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Food & Drink

The renegade sushi chef of SF serves up the ‘seafood’ of the future

Erik Aplin of Chisai Sushi Club prepares for a fishless future with a remarkable, all-vegan alt-omakase.

A man in a white shirt stands behind a counter in front of shelves stocked with bottles and dishes, smiling and gesturing with his right hand raised.
Dinner prep: Chef Erik Aplin slices kombu-braised zucchini at the chef’s counter at Chīsai Sushi Club. | Source: Jason Henry for The Standard

Using a well-honed 270mm Sakimaru Takobiki knife, chef Erik Aplin lightly scores a piece of gleaming ruby-red flesh. He drapes it like a doll-sized blanket over a thumb of Koshihikari short-grain rice seasoned with a wisp of Sharizu rice vinegar, sugar and salt. 

For the world, it looks like a piece of tuna nigiri—enough for me to put my tongue to it, expecting notes of the sea. However, the flesh is tangy and, when prodded, less forgiving. It’s missing that oceanic funk. I bite into it and only then does my brain compute: It is not fish at all, but a shoyu-and-kombu marinated slice of peeled tomato. The mind reels.

Since opening Chīsai Sushi Club at the base of Bernal Heights in 2021, chef Erik Alpin, a fourth-generation Japanese American, has been crafting an exquisite vegan omakase, the tomato his own tuna trompe l’oeil. “I naively thought it would be easy,” he says of the 13-course progression, showing me a box full of painstakingly prepped vegetables. “But it requires a lot of small details.”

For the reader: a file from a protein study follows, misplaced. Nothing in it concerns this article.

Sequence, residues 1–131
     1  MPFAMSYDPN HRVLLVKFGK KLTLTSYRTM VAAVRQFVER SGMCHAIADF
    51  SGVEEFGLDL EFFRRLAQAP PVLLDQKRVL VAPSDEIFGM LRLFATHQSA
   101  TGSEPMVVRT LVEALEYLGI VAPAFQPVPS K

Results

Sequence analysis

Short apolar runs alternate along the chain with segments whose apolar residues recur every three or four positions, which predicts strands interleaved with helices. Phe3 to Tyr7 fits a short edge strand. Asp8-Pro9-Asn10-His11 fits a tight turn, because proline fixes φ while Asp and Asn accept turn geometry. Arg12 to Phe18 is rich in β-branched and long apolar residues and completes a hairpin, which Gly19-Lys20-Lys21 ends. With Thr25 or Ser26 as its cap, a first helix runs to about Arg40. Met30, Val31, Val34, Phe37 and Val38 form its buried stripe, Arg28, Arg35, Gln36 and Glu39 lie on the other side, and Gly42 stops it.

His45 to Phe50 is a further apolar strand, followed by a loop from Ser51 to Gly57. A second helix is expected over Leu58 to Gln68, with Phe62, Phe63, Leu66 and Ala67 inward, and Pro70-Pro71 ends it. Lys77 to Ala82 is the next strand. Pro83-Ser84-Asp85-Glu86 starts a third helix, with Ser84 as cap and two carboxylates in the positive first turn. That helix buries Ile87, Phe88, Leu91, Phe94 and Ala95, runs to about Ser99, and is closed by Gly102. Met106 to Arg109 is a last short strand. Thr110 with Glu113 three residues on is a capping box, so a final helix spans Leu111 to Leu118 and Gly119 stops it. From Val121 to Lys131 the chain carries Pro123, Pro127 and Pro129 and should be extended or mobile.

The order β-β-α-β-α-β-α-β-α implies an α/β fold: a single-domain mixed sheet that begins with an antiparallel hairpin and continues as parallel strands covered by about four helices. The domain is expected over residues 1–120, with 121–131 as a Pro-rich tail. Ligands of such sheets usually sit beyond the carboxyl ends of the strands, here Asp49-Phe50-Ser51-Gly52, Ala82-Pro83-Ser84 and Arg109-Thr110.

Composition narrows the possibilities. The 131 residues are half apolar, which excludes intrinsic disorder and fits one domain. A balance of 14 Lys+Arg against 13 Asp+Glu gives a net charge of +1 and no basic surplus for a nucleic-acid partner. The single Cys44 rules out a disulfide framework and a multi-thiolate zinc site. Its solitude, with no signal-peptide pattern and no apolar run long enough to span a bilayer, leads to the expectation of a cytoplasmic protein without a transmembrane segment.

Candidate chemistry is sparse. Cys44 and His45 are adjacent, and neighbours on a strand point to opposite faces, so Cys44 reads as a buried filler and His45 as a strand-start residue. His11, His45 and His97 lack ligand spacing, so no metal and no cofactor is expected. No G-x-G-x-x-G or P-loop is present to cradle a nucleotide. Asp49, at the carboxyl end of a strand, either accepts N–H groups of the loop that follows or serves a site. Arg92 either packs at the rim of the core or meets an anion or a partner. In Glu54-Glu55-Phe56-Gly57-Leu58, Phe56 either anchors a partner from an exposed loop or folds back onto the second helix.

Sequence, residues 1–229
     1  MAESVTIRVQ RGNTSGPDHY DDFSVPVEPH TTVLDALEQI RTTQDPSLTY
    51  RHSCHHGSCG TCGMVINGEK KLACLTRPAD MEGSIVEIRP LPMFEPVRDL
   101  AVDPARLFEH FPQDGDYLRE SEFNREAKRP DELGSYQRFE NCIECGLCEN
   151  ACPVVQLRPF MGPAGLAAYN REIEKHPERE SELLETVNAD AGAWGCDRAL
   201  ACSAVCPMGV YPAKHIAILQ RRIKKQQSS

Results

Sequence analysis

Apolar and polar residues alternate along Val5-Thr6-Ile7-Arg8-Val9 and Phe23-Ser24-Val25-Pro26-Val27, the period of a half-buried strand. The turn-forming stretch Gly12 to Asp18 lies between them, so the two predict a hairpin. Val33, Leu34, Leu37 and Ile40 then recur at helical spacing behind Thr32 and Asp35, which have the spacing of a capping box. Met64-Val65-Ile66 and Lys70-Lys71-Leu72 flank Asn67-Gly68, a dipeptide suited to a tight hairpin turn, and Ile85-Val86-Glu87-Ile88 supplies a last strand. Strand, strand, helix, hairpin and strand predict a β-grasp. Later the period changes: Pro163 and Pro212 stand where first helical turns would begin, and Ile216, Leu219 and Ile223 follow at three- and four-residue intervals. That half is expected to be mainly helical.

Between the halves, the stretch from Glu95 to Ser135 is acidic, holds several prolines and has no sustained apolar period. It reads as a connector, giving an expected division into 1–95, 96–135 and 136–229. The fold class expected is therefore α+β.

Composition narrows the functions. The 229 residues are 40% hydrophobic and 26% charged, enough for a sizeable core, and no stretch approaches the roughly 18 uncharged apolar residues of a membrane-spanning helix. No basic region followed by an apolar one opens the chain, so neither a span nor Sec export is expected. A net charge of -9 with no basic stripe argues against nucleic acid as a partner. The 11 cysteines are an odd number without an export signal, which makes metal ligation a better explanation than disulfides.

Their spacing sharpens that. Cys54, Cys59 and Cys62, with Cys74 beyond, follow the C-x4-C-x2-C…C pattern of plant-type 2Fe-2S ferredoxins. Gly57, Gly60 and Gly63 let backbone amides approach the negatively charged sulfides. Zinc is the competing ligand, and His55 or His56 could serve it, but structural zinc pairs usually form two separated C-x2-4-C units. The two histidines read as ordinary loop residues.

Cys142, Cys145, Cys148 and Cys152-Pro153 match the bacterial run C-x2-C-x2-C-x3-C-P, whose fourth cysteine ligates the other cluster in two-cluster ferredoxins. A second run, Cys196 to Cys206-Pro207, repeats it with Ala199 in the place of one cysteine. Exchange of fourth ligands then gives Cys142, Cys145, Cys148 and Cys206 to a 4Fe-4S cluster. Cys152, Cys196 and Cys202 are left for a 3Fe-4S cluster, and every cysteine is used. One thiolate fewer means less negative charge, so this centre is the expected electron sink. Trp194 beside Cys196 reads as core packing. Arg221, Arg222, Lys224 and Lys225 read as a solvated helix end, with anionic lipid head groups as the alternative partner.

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Despite his dedication to his extraordinarily labor-intensive vegetarian menu—one that only feeds about five percent of his clientele—Aplin has actually spent most of his career focused on fish, entrenching himself at some of SF’s most lauded sushi establishments, including Akiko’s, Robin and Ichi. At Chīsai, he leans into the American side of his background, slyly incorporating a bit of melting pot into his omakase menu, with subtle nods to everything from Indian to Italian. 

You wouldn’t call Aplin a seafood justice warrior. Part of his mission is practical. He knows vegetarian guests are often relegated to cucumber rolls and he feels for them. The idea to create a vegan omakase started to burble when Aplin was coming up as a sushi chef at legendary restaurants like Morimoto and Matsuhisa. He recalls diners would come in and say they were vegetarian and his fellow sushi chefs would stiffen.

“They would be like, why are these vegetarians even here? Then we’d have to think about what we could serve—inevitably an avocado roll. When I opened Chīsai, I saw there was an opportunity to be creative and win over a new customer.”

A piece of finely sliced red fish sushi, garnished with a small black element, is placed on a textured wooden block, illuminated warmly.
Tamago or tomato? Chīsai Sushi Club wants you to guess. | Source: Jason Henry for The Standard
A chef in a white uniform is carefully slicing vegetables on a wooden cutting board in a well-organized kitchen with shelves of various items behind him.
Chef Erik Alpin slicing konbu braised zucchini squash ahed of dinner service on Tuesday. | Source: Jason Henry for The Standard